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This is an all-too-common practice, especially with the larger managing agents and getting out of such an arrangement is complicated and costly but the good news is that it can be done.

St. George’s Park is a mixed tenure development of 172 properties, a combination of new build flats and houses with a 170-year-old manor building (now 87 properties) as the centre piece.

The managing agent, a large national company that has been mentioned on more than one occasion during prime minister’s questions (and not in a good way) was appointed by the developers and had themselves written into the leases as a party.

Whilst the leases had a provision to remove them, considerable barriers existed in that the requirements were

–              75% of the owners must indicate to the agent, in writing within a six-month period that they wish to remove the incumbent managing agent.

–              At least 50% of the same owners must agree on a replacement managing agent.

Following more than a decade of woeful financial management and dwindling reserves, a highly motivated residents’ association managed to achieve the above. All owners of property at St George’s formed a company, elected a board of directors and Common Ground were informed in May 2015 that they were the successful bidder following an extensive tender process.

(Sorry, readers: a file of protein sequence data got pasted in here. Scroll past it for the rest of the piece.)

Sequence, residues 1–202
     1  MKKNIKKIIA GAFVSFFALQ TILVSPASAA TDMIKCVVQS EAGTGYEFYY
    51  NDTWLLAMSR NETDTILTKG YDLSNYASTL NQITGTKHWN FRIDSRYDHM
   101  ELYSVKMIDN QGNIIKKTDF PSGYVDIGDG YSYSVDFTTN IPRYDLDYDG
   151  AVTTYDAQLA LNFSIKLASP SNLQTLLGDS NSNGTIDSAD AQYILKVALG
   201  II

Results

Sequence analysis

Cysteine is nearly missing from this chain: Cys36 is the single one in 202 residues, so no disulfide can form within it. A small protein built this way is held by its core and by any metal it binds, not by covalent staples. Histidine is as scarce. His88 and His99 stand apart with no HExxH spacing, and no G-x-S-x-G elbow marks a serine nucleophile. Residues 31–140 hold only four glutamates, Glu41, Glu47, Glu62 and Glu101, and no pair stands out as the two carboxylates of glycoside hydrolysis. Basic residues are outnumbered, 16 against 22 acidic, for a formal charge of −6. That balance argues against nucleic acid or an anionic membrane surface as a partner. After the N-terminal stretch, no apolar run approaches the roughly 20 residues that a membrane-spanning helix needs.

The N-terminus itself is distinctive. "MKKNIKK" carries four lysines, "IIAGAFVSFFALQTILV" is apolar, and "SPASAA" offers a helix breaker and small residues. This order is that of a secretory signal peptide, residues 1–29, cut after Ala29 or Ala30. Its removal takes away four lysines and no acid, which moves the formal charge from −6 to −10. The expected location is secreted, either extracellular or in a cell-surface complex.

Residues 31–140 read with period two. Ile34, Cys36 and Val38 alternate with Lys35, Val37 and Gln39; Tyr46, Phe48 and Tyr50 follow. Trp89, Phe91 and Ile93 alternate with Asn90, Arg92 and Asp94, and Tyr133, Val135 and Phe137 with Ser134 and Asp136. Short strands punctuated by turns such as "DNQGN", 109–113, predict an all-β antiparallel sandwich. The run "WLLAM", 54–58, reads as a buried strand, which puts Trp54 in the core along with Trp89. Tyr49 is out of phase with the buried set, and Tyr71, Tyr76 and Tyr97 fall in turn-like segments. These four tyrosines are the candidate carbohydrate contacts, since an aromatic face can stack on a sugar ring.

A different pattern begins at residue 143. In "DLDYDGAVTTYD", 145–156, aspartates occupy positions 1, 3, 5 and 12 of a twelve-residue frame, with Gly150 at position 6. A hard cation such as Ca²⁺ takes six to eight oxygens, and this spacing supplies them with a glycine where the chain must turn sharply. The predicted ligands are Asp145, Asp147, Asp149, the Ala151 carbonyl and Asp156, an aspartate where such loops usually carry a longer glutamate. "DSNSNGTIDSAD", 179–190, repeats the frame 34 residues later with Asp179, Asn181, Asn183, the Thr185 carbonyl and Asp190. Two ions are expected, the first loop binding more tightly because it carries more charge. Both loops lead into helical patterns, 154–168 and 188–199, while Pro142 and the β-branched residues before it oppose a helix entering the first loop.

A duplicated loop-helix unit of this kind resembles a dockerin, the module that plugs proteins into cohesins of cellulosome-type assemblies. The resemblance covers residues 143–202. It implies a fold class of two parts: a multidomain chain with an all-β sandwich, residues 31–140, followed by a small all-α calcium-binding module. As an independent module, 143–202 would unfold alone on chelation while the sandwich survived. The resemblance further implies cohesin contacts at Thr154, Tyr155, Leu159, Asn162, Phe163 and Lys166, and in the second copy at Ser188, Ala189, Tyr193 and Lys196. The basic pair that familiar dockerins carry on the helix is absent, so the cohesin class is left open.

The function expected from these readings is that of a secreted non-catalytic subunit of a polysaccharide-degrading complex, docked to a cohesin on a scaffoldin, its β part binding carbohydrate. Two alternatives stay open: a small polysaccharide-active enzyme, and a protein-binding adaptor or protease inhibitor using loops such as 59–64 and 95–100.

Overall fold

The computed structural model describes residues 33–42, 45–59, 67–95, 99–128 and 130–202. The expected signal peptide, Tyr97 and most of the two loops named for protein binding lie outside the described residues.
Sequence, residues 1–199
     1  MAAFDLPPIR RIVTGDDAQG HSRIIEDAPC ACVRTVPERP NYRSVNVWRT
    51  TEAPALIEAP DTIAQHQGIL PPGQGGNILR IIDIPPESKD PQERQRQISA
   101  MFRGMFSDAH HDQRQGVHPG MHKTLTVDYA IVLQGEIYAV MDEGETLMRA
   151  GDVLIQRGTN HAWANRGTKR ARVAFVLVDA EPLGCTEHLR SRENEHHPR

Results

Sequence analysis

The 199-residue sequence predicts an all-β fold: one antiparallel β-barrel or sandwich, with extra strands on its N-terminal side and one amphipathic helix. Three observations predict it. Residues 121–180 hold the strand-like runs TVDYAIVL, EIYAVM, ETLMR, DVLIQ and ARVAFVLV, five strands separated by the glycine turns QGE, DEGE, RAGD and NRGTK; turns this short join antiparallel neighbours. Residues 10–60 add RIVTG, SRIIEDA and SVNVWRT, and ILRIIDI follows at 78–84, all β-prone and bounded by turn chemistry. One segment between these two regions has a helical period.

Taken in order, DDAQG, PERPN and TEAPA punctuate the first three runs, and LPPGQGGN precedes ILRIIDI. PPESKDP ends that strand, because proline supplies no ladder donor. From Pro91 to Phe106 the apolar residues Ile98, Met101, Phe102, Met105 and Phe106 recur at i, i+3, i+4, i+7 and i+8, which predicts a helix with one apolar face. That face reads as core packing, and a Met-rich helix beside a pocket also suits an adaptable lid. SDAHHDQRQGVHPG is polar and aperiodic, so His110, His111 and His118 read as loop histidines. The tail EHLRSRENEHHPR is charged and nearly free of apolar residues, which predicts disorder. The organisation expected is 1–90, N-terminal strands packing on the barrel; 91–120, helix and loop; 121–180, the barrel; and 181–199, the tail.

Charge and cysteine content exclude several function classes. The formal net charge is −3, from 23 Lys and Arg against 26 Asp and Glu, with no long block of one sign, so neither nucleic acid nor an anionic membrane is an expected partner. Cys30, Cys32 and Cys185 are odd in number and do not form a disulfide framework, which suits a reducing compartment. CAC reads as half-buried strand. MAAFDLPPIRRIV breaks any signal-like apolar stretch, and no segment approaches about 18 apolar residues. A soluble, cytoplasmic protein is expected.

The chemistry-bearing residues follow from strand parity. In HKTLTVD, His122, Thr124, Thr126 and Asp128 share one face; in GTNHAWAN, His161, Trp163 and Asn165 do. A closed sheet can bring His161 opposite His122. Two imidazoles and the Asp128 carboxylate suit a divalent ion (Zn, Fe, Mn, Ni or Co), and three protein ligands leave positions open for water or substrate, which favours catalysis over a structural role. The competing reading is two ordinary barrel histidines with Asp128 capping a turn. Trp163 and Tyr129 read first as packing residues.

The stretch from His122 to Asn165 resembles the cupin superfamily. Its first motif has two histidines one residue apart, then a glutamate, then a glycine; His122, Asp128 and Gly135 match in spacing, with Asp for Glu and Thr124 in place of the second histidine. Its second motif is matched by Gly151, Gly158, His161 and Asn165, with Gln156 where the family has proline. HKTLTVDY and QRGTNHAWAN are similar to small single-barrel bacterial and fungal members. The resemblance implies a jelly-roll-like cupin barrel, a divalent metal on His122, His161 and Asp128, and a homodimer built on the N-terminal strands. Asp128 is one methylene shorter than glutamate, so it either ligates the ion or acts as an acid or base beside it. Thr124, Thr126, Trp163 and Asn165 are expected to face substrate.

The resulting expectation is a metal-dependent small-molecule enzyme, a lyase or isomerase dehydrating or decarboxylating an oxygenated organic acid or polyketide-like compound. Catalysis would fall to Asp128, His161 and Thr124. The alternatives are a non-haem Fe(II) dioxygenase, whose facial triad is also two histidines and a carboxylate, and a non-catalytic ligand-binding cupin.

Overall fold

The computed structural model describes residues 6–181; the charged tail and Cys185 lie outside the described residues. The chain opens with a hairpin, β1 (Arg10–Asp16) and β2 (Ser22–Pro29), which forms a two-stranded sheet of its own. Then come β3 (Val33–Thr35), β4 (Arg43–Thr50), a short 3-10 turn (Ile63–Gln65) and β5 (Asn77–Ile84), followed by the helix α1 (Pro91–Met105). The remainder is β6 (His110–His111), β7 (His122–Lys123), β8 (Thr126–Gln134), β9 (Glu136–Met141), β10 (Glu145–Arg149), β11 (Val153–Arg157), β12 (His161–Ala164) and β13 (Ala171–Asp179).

“Common Ground were appointed based on the transparency of their service, especially the accounting side with Xero. Whilst there was no evidence of fraud there was unwise expenditure and, as property owners we had little trust in the incumbent agent.  The ability to oversee the finances, particularly our crucial reserves in real time was critical,” said Kunku Soota, chair of the board of directors, at the time.

Incredibly, the incumbent agent wouldn’t allow the full transfer of the management until at least 85% of the properties had agreed deeds of release and novation………another legal move designed to protect their business. This took a further two years and £17,000 in legal fees, a figure that would have been more had not one of the directors been a qualified expert in property law. Once appointed Common Ground took on the administrative role of completing the final task of securing deeds of release and novation from all property owners. This accelerated the removal of an unwanted and underperforming agent.”

Almost five years on “the owner directors of the company are in control of budgets as well as schedules of property maintenance and redecoration, this allows us to smooth the cash flow and maintain healthy reserves,“ said Christian Roth, now chair of the board.

“This case study is a great example of what can be achieved by motivated residents in conjunction with a knowledgeable and committed managing agent”. It took four years to prise the management away from the incumbent agent, but the resident’s association were very well led and it was a real team effort to get this done but it gives hope to other developments tied into such dubious agreements” stated Alan Draper. Managing Director of Common Ground.

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